I’ll go through phases in the winter—like anyone—where the thought of working out outside is…no. Not gonna happen. But there have also been winters where I somehow motivate myself to wake up every morning at 5:30AM in the pitch black and head out in the subarctic Boston temperatures for a run like a complete psychopath. This winter has been split—I still run outside a couple times a week, but I also have been loving taking spin classes for an indoor cardio workout.
I get a lot of questions about tips for running outside—especially since it seems a good number of you, like me, have Raynaud’s. None of these are necessarily groundbreaking, but I wanted to share more about my current routine for running throughout the winter.
1. Warm-Up Beforehand
This is the biggest thing for me. Starting a run cold means my Raynaud’s might kick in, and if it does, it will often last throughout the entire run, even after I’ve warmed up and started sweating. I put on everything I’m going to wear, and then do a little mini-workout inside the house to get my blood pumping. Once I start getting uncomfortably hot, I head straight outside and start the run. I never even give my body the chance to become cold. Here are some examples of warm-up mini workouts I’ll do:
30 Mountain Climbers
5 Push Ups
30 High Knees
10 Squat Jumps
20 Plank Jacks
20 Jumping Jacks
2. Layer Up, But Don’t Overdo It
What works best for me is:
- Cotton sports bra: OVERSHARE WARNING—Raynaud’s doesn’t just affect my fingers and toes; it’s actually the most painful in my nipples. * Clicks unsubscribe from Pumps & Iron* Spandex material rubbing against them exacerbates the issue—I find cotton sports bras are the way to go.
- Under Armour ColdGear long sleeve
- Zip-up w/ high neck: Right now I’m wearing this Lululemon one.
- Warm leggings: I got a pair of Nike Hyperwarm leggings for Christmas and highly recommend them—they live up to their name. If you do plan on buying a pair, get your normal size. Typically with Nike clothing, I have to size down, but the warm lining in these leggings make them run true to size.
- Ear warmer
- Gloves: I find “running” gloves are far too thin to protect against my Raynaud’s, so I just wear normal winter gloves or mittens. Kinda makes me look like I have Incredible Hulk hands, but whatever, it works.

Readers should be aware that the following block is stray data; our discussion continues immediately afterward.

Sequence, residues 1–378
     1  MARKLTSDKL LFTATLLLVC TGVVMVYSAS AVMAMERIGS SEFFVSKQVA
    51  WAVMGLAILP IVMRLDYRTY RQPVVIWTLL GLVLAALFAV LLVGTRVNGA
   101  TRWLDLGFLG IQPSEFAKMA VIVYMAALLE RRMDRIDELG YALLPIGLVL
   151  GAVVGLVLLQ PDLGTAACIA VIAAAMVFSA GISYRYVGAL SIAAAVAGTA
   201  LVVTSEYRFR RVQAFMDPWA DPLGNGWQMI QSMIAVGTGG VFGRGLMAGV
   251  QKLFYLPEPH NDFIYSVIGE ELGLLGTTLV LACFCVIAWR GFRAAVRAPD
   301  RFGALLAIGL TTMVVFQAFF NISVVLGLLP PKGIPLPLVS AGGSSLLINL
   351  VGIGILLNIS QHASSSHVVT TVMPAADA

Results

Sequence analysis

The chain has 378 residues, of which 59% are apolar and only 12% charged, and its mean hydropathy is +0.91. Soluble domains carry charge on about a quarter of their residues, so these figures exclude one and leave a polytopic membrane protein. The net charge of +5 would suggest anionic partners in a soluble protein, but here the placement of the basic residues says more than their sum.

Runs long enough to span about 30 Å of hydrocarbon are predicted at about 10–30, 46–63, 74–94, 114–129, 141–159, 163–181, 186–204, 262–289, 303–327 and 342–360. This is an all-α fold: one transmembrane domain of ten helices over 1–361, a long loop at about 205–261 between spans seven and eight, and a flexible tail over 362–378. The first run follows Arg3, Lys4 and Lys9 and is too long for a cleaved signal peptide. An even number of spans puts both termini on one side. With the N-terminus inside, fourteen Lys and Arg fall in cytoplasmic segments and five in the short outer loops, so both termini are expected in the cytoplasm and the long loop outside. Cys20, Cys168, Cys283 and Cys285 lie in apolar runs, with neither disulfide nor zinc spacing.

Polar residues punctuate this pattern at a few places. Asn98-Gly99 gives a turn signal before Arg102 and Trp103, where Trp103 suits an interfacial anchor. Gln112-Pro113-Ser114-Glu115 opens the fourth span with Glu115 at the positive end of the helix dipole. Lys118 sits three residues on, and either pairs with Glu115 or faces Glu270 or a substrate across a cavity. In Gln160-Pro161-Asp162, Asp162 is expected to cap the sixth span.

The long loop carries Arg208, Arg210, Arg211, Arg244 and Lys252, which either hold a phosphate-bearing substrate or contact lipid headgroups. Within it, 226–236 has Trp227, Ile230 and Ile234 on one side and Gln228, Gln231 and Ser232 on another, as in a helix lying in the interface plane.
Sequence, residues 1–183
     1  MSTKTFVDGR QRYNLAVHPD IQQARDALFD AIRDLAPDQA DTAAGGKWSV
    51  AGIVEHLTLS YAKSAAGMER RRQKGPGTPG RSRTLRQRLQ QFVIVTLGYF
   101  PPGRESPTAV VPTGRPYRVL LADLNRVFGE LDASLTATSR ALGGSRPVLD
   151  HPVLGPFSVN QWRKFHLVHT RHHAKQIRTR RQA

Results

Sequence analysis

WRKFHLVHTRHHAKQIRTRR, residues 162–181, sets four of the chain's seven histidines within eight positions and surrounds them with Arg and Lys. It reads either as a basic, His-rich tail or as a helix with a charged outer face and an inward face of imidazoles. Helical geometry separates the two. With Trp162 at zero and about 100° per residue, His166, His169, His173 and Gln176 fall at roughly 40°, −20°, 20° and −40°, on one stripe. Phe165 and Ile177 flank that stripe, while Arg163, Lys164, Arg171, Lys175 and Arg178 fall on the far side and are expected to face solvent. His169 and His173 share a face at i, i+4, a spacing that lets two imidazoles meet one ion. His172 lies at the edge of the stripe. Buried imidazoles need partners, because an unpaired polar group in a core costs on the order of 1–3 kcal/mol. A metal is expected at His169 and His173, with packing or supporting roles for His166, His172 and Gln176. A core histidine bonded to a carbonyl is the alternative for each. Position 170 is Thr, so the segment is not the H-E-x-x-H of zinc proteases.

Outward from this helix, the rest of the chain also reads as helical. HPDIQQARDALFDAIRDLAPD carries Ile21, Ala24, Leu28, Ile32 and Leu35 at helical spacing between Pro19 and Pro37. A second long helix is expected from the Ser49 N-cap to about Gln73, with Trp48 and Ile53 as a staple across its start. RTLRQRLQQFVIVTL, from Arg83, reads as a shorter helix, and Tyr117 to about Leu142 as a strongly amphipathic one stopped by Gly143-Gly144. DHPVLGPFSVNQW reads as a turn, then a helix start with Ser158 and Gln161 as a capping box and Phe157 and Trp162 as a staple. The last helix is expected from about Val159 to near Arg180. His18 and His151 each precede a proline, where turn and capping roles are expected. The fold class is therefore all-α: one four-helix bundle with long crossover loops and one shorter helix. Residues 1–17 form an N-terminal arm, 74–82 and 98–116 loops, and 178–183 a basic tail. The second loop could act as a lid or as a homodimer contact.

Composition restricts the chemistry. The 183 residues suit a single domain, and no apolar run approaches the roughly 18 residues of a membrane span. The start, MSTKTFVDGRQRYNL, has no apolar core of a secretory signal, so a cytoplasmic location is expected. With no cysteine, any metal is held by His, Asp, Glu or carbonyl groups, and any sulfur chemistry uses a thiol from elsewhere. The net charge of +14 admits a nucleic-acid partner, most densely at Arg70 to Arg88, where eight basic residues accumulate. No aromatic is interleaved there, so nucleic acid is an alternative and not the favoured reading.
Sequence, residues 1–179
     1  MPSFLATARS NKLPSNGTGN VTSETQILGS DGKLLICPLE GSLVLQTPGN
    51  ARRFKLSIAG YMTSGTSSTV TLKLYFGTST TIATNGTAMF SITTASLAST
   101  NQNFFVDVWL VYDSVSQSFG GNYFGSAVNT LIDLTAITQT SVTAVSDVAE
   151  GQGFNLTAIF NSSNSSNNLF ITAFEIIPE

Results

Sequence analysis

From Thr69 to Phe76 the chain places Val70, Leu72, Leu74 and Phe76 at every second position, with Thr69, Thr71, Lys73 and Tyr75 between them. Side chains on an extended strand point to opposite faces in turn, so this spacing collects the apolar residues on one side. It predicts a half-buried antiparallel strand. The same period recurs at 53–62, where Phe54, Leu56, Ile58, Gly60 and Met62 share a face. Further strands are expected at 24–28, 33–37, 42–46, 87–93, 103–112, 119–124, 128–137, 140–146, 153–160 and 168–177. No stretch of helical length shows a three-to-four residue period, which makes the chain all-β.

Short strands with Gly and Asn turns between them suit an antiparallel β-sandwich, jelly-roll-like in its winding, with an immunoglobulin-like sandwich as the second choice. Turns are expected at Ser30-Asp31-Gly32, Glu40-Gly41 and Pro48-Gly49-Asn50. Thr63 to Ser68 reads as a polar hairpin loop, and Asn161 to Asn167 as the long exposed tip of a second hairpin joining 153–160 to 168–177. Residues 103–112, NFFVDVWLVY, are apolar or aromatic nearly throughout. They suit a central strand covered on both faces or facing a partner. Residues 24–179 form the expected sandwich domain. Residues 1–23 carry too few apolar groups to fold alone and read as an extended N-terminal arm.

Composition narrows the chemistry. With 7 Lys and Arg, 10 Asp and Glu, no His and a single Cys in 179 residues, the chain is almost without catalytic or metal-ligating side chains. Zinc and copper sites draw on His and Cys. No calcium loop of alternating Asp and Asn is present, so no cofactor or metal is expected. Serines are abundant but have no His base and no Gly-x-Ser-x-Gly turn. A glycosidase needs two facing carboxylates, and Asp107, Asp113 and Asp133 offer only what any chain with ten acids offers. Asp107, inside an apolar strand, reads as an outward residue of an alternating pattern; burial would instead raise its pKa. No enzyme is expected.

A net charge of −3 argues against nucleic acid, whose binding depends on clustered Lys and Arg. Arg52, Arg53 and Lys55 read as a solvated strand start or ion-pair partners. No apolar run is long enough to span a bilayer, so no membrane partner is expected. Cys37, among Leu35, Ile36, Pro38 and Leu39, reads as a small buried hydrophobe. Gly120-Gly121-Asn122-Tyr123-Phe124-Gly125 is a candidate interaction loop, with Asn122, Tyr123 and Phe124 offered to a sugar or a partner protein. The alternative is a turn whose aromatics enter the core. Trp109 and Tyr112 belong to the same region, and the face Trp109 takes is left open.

- Cotton socks & my Nike Free running shoes: As long as I warm up before my run, I don’t find that I need extra-warm socks to protect my toes.
3. Cotton is Your BFF
*Update: SOFT fabrics are your BFF (fleece, wool, cotton, etc.) You probably inferred this from the last tip, but the first layer of clothing touching any body part that is susceptible to Raynaud’s shouldn’t be a spandex material (fleece/wool-lined gloves, cotton socks, cotton sports bra). Same goes for post-run—when your body temperature is dropping back down, change into soft clothing. I couldn’t tell you why exactly this helps, but the fabric makes a huge difference for me in preventing a Raynaud’s episode and also in soothing one that’s already flared up.
4. Have a Killer Playlist to Look Forward To
A long run to a kickass playlist is my idea of a therapy session. If I have good music to look forward, it doesn’t matter how cold it is outside, I honestly want to go running. I recently reorganized my Spotify playlists into Workout Music and Current Workout Playlist, and am loving this little system. Once I get sick of a song on my Current playlist, I move it to the Workout Music “archives.” The result is a constantly fresh playlist for each workout, as well as a growing collection of older songs that are still great, but just need a little rest.
5. Change Out of Your Workout Clothes before Your Body Cools Down
After my run, I’ll stretch, and then immediately change out of everything I ran in. Hygiene aside, you don’t want your body temperature to drop in sweaty, damp clothing—it’ll make you extra cold (the sweat-wicking material of most workout gear doesn’t help here).
If I stay in my workout clothing too long post-run, I find that my Raynaud’s will kick in—even though I’m inside a warm home (so annoying!). The best prevention is to change immediately, shower off, and then put on warm, cotton/fleece clothing.
Aaaand I’ll leave you with some pretty pictures from my winter runs that I’ve Instagrammed (@nicoleperr):
Do you have any tips to add for running outside in the winter?